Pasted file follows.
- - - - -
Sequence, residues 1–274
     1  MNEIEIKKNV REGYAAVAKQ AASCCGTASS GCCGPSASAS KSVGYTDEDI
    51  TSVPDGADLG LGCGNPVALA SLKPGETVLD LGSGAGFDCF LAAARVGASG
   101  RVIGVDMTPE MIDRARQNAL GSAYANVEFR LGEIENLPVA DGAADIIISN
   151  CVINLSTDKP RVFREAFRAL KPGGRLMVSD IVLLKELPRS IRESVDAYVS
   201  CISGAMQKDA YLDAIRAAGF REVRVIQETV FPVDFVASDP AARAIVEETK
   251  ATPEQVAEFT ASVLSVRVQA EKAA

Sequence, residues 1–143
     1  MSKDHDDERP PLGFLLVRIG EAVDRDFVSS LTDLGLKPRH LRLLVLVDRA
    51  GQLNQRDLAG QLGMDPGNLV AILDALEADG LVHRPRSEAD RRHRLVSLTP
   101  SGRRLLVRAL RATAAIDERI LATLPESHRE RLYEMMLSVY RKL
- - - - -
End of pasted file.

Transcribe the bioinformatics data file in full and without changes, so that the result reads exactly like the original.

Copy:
Sequence, residues 1–274
     1  MNEIEIKKNV REGYAAVAKQ AASCCGTASS GCCGPSASAS KSVGYTDEDI
    51  TSVPDGADLG LGCGNPVALA SLKPGETVLD LGSGAGFDCF LAAARVGASG
   101  RVIGVDMTPE MIDRARQNAL GSAYANVEFR LGEIENLPVA DGAADIIISN
   151  CVINLSTDKP RVFREAFRAL KPGGRLMVSD IVLLKELPRS IRESVDAYVS
   201  CISGAMQKDA YLDAIRAAGF REVRVIQETV FPVDFVASDP AARAIVEETK
   251  ATPEQVAEFT ASVLSVRVQA EKAA

Sequence, residues 1–143
     1  MSKDHDDERP PLGFLLVRIG EAVDRDFVSS LTDLGLKPRH LRLLVLVDRA
    51  GQLNQRDLAG QLGMDPGNLV AILDALEADG LVHRPRSEAD RRHRLVSLTP
   101  SGRRLLVRAL RATAAIDERI LATLPESHRE RLYEMMLSVY RKL